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Most of the injury claims we see in our office, and going through the courts, are of the unintentional variety- some form and degree of negligence on the part of the bad actor.  Of course, intentional injuries do occur.  Intentional injuries to the body can involve vehicles, fists, or weapons, or they can be intentional harmful acts (online or otherwise) that do damage to reputation or financial interests.

Personal injury cases are civil cases, meaning they are separate and apart from what police and prosecutors pursue in the criminal arena.  If someone walks up to you on the street and punches you in the face, causing injury, that attacker may well find himself facing a criminal case (brought by the state, which may carry jail time if he’s found guilty), and a civil case brought by the victim of the attack seeking money damages for medical costs, lost wages, pain and suffering, and the like.

In our practice, the big, practical difference in trying to help injured victims of intentional versus non-intentional acts is “collectability.”  What I mean is that for many unintentional acts (such as car crashes and dog attacks), there is insurance (usually auto, homeowners, or business liability) that is going to cover the responsible party.  The insurer will defend the claim, hire an attorney if need be, and pay out (subject to the insurance policy limits) any claim settlement that is agreed to.

Claims for intentional acts are usually uncollectible, or highly impractical to collect, because insurance policies don’t cover truly intentional acts.  The victim of the intentional act has a claim, but with no insurance to cover the intentional actor, any financial recovery would need to come from the actor’s own assets.  Most folks simply don’t have sufficient liquid assets to pay off these claims.

“Well, I’ll just sue them!”, you may say.  Yes, you can do that.  In some cases it can be a worthwhile endeavor.  If an intentional actor has sufficient assets to satisfy a claim but simply is ignoring the victim’s requests for compensation, a lawsuit against the actor can be brought and if the case is proven, a money judgment would be entered against the intentional actor.  There are court procedures post-judgment that can be used to force the actor to pay the judgment out of his assets, or have his assets sold to satisfy the judgment.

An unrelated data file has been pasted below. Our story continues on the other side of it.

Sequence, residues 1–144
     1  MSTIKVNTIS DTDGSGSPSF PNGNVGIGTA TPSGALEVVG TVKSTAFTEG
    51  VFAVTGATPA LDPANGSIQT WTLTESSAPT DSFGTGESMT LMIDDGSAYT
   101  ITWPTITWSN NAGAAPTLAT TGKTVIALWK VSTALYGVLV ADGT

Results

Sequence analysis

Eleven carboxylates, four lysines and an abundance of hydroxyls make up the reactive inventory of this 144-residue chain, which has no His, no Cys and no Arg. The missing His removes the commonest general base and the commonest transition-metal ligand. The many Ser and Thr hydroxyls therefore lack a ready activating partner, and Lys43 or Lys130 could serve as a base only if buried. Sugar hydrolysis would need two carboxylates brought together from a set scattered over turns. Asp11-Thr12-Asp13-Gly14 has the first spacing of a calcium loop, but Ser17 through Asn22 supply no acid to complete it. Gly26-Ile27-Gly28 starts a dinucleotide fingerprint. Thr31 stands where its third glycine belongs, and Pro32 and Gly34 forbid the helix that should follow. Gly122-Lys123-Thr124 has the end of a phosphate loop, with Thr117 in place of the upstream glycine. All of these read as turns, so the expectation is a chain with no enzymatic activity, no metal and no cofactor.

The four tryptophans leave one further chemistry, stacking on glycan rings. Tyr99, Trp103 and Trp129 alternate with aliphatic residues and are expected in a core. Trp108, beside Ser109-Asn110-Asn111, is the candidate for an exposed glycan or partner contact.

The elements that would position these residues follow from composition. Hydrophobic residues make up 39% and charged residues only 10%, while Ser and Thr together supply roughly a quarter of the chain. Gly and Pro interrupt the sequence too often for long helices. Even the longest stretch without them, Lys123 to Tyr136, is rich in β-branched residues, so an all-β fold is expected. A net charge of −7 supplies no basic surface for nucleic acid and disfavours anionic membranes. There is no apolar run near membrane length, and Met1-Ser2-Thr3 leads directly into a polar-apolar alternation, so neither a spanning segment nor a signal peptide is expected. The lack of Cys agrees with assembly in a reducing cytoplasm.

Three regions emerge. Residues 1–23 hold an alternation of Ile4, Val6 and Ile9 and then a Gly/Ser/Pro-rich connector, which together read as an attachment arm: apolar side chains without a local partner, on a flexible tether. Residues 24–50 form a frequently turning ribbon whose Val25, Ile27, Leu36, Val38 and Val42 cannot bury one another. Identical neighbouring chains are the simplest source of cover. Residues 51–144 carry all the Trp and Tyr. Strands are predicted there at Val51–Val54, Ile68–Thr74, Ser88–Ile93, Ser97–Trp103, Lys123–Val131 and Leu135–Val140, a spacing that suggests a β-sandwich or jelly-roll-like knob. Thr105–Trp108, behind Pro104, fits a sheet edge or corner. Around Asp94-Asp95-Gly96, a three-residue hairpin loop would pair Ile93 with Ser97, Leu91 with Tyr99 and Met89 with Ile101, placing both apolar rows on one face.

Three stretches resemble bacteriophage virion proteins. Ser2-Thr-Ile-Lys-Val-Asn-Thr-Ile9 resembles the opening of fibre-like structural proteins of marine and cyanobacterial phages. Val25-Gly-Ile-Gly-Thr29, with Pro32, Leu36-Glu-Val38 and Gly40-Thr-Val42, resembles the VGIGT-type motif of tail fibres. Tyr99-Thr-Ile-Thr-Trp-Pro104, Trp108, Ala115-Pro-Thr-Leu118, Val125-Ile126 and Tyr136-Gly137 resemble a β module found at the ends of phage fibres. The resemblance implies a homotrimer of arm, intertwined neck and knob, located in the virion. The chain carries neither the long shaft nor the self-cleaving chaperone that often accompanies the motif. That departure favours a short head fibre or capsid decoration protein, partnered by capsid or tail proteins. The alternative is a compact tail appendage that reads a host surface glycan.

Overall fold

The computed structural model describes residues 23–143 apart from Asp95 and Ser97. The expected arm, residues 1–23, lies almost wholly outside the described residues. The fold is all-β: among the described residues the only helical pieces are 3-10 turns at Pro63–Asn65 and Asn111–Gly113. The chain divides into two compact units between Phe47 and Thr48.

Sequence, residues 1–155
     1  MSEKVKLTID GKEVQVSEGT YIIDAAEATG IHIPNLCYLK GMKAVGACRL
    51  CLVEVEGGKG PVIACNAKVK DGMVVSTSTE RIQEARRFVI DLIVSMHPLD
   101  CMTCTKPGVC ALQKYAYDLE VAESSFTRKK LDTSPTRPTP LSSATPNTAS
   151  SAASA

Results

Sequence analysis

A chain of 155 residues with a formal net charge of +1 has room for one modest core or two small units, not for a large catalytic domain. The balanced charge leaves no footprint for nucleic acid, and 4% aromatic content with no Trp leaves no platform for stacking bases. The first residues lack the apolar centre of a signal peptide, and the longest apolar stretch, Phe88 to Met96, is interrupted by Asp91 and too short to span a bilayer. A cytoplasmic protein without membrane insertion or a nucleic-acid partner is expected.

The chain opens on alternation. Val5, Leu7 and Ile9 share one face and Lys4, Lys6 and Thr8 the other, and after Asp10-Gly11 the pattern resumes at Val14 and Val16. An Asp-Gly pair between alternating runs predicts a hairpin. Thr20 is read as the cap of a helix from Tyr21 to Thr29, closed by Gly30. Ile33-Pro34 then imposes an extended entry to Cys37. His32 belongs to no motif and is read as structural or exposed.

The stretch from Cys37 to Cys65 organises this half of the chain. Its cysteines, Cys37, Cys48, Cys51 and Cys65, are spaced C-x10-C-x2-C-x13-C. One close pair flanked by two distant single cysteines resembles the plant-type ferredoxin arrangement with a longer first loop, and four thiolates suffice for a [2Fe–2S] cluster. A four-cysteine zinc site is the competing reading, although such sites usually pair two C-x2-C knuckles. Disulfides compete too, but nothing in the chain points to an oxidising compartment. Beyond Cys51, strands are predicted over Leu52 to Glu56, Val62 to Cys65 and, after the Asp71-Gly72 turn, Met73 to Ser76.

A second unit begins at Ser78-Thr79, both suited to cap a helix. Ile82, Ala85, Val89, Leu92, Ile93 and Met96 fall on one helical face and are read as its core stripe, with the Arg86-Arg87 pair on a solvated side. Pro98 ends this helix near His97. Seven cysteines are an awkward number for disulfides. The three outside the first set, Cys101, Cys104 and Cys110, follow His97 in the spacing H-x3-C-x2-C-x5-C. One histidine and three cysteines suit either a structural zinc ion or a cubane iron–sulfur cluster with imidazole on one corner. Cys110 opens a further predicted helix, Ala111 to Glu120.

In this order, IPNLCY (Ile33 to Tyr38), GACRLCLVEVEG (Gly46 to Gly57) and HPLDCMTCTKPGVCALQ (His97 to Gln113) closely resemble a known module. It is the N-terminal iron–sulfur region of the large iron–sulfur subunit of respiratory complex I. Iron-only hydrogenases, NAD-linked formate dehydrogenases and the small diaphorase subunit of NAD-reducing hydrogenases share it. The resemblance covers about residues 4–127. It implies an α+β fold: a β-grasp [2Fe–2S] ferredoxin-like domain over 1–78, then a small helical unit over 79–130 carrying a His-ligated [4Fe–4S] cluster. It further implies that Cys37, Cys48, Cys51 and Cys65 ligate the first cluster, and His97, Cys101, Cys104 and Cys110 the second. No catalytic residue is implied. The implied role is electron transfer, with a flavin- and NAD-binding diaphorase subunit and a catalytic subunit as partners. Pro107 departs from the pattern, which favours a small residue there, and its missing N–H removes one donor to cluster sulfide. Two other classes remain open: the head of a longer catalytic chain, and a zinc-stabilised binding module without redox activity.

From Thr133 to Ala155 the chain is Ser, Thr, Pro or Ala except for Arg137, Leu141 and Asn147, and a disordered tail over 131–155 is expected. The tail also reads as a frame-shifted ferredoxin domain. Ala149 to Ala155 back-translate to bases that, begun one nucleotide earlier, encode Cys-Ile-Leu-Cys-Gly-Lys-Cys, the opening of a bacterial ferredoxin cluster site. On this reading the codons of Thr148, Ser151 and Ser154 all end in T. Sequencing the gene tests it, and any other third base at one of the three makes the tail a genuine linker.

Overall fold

But again, ultimately the judgment must be executed on the actor’s assets, and if he’s got no assets, well an old saying comes to mind: “you can’t get blood from a turnip.”  Most people are turnips.  Also, judgment debtors often use the bankruptcy process, or other means, to try and shield the assets they do have.

The best advice I can give those who are the victims of what may be intentional wrongful acts: don’t automatically give up hope, don’t claim to anyone who will listen that the other guy hurt you on purpose, and talk to an experienced personal injury lawyer.  Although some acts will be obviously intentional, some that seem to be may not be (maybe they are just really, really negligent or reckless), and those might be covered by insurance.  The last thing you want to is create doubt about insurance coverage by claiming you were hurt intentionally if you’re not 100% certain that is the case.  Additionally, some intentional actors do have the ability to pay even absent insurance, and there may well be other responsible parties who need to be investigated before a claim is given up on.

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About the Author

Scott A. Staples

Scott Staples came on board in 2006 as a clerk during law school, and joined the firm as an associate attorney in 2007. He was made a shareholder in the firm in 2010. Scott graduated, cum laude, from Washington State University Vancouver with a BA in English, and obtained his Juris Doctorate from Willamette University College of Law, with cum laude honors there as well. He has successfully represented clients in a variety of different types of injury cases, including auto collisions, premises liability, animal attacks, watercraft accidents, and construction site injuries. He has appeared, and won, before the Washington State Supreme Court (Weismann v. Safeco, 2012).

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